In the new study led by David Margolis at the University of North Carolina at Chapel Hill, a drug called Zolinza (Vorinostat) activated the virus in dormant infected T-cells, which may allow the immune system to locate and target the cells for eradication. Recent studies by Margolis and others have also shown that the drug attacks enzymes that keep HIV hiding in certain CD4+T cells.  Zolinza is a histone deacetylase (HDAC) inhibitor that is normally prescribed for mood disorders, certain lymphomas, and epileptic seizures.

Margolis’ team administered the drug to six HIV-infected men on HAART therapy. Within eight hours of taking Zolinza, all patients showed a five-fold increase in the amount of viral RNA, a marker of HIV replication in the CD4+T-cells. This means the latent HIV was activated, which will hopefully make it vulnerable to current treatment, but will more likely pave the way to a means of marking the infected cells for eradication by drugs or the body’s immune system.

The study also showed that while Zolinza promoted HIV replication, the viral loads in the blood did not go up since all the study patients were on the HAART regimen. Scientists will no doubt need to develop several treatment approaches to target latent HIV, but at least this latest discovery offers new hope for a cure.

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Armed Against Cancer

By Medical Discovery News

March 3, 2012

Armed Against Cancer

Imagine if a patient’s own cells could fight cancer rather than struggle through chemotherapy and radiation. For two decades scientists have attempted to do that with T-cells, but no one came close until the remarkable success of a pilot study at the University of Pennsylvania.

Two out of the three leukemia patients they treated remained cancer free a year after nearly dying. And the third is in partial remission.

The researchers, led by Dr. Carl June, were able to accomplish three things that hadn’t been done together before: engineer T-cells to fight and kill leukemia cells, have them multiply when inside the body, and then diminish and leave a set of memory T-cells to multiply again and kill leukemia cells if they show up later.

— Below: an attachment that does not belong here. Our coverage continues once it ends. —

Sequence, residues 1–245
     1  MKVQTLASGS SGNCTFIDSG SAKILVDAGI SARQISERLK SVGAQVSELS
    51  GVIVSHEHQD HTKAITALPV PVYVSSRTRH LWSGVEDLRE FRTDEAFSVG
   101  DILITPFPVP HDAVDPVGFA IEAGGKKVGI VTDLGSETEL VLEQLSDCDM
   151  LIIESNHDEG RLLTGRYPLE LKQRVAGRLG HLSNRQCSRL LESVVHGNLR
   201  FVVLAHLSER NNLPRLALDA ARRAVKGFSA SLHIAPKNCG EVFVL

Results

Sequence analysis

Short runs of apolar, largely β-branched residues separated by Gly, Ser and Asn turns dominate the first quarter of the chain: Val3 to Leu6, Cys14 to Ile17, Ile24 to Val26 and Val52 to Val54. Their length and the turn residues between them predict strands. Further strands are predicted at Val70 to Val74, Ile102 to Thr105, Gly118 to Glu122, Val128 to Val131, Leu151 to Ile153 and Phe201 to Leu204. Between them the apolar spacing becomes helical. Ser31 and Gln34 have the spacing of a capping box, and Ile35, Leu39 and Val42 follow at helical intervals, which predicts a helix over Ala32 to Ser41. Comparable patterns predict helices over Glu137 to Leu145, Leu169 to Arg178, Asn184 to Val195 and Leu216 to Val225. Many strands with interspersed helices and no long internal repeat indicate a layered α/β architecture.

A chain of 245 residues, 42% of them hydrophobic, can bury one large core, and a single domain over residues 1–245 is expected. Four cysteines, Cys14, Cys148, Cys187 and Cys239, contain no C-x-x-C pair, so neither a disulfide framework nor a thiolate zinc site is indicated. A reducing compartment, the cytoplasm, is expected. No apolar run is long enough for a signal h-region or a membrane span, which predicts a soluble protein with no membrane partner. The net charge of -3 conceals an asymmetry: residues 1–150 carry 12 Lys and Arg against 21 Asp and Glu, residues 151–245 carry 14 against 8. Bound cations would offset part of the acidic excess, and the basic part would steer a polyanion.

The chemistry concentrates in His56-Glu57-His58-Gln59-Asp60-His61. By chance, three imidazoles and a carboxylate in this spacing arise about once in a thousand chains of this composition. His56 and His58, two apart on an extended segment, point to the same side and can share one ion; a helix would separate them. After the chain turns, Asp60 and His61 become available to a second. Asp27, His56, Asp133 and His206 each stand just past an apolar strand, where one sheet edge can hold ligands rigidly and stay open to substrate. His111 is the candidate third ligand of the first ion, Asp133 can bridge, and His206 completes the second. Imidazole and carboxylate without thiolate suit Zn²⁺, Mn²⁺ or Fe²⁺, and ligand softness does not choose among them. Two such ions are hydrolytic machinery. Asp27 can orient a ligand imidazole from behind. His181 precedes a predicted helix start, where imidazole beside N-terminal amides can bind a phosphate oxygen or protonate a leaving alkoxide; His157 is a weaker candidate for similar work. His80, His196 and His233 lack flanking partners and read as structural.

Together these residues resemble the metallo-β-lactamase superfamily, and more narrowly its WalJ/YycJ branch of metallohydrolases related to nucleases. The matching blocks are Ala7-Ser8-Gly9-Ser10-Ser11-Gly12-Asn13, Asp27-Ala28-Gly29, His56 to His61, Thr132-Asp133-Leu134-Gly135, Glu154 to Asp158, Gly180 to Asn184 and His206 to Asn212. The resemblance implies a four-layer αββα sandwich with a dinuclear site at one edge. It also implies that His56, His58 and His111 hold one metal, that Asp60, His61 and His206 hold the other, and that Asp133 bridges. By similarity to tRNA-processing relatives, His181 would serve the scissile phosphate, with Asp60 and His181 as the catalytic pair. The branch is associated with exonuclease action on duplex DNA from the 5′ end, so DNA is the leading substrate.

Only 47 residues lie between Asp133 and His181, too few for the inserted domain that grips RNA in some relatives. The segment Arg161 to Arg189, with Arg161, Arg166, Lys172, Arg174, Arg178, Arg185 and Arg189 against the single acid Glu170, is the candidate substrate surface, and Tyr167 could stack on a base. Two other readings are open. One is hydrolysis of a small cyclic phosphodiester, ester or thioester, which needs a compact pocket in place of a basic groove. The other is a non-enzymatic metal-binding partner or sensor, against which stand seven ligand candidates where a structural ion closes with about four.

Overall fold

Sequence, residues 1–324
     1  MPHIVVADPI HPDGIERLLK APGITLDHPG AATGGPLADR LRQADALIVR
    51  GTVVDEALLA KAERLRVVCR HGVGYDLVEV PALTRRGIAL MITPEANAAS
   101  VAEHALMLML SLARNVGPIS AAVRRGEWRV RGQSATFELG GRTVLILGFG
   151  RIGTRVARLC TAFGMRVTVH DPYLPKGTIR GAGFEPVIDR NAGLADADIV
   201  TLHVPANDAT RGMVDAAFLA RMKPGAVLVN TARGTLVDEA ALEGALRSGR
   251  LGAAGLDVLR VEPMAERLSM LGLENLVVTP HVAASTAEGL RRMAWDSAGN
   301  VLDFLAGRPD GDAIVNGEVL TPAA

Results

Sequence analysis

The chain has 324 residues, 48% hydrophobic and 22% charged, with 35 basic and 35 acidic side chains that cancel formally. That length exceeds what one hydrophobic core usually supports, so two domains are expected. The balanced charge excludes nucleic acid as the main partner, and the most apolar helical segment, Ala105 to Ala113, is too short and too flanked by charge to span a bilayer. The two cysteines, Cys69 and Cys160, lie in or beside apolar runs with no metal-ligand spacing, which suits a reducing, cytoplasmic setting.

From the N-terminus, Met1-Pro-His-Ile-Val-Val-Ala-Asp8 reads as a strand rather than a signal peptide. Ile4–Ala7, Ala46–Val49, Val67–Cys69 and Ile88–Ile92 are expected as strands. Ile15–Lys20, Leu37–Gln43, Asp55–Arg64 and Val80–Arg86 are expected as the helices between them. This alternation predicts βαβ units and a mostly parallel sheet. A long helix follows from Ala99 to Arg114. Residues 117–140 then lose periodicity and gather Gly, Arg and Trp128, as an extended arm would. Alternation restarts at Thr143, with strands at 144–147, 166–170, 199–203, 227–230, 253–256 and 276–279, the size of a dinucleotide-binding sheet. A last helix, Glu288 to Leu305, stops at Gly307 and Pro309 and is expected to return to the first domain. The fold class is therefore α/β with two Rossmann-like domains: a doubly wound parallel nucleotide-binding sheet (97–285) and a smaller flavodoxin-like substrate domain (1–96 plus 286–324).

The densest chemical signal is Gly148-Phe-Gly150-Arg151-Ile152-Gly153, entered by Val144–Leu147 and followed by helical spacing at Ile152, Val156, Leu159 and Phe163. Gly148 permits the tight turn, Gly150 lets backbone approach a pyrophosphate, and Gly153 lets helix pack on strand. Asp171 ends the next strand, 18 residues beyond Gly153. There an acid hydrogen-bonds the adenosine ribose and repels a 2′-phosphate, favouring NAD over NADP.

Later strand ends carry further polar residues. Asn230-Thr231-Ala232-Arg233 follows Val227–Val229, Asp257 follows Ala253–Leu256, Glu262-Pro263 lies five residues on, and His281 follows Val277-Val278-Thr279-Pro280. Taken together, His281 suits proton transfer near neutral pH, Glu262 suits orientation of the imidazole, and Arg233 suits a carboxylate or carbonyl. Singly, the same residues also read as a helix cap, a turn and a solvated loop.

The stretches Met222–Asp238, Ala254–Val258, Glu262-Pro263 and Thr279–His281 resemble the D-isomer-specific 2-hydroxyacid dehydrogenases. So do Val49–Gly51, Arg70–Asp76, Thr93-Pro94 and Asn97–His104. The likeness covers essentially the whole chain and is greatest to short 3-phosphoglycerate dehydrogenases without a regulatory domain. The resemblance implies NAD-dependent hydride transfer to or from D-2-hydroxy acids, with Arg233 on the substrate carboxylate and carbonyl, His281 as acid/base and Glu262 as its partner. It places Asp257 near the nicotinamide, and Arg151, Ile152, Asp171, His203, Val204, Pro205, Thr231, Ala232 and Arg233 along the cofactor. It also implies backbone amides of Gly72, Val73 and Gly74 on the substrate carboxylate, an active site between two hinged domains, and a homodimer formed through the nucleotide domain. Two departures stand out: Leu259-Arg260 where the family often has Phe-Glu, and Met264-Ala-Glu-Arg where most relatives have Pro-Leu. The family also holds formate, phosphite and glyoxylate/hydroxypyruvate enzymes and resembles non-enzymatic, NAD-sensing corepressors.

The results stunned even the researchers involved, whose intentions were only to test the therapy’s safety. First, they extracted T-cells, a type of immune cell, from the patient and supplied them with a gene that creates something called a chimeric antigen receptor, or CAR, on the surface of T-cells. This new receptor, CAR, is supposed to recognize and kill B-lymphocytes, which grow out of control in a chronic form of adult leukemia.

But in past clinical trials, when these CAR T-cells were transfused in the patient, they failed and died without doing much damage to tumor cells. In this newest study, however, researchers added an extra gene to the T cells called 4-1BB.

The 4-1BB encoded protein enhances the cell’s tumor-killing ability, and instructs CAR T-cells to multiply and persist as memory cells. But its response isn’t so severe that it kills the patient, which has happened in other CAR T-cell trials.

The fascinating part of this study is researchers used a disarmed HIV, the virus that causes AIDS, to deliver these cancer-fighting genes into the patient’s T-cells. Even though the thought of injecting HIV may be unsettling to most people, this disarmed virus isn’t harmful and does not multiply in the body. The choice makes sense because HIV naturally targets and penetrates T-cells.

A few weeks after transfusing these engineered T-cells in patients, doctors could find no cancer cells anywhere. The researchers estimate more than two pounds of leukemic cells were destroyed. As for the third patient, researchers think it’s possible his steroid treatments may explain why he ended up in partial remission.

June’s team is now planning wider clinical trials to include more patients. The aim will be to test the efficacy of the therapy and its adverse effects. For example, one of the targets on the tumor cell is also found on healthy membranes that line the chest and abdomen.

Researchers are optimistic that this therapy can treat not only leukemia, but other serious cancers such as those of the ovaries, pancreas and mesothelioma, a cancer of the tissue that lines most major organs. Scientists believe this study marks a turning point in gene therapy against cancer, and future studies will use its novel approaches to develop life-saving treatments.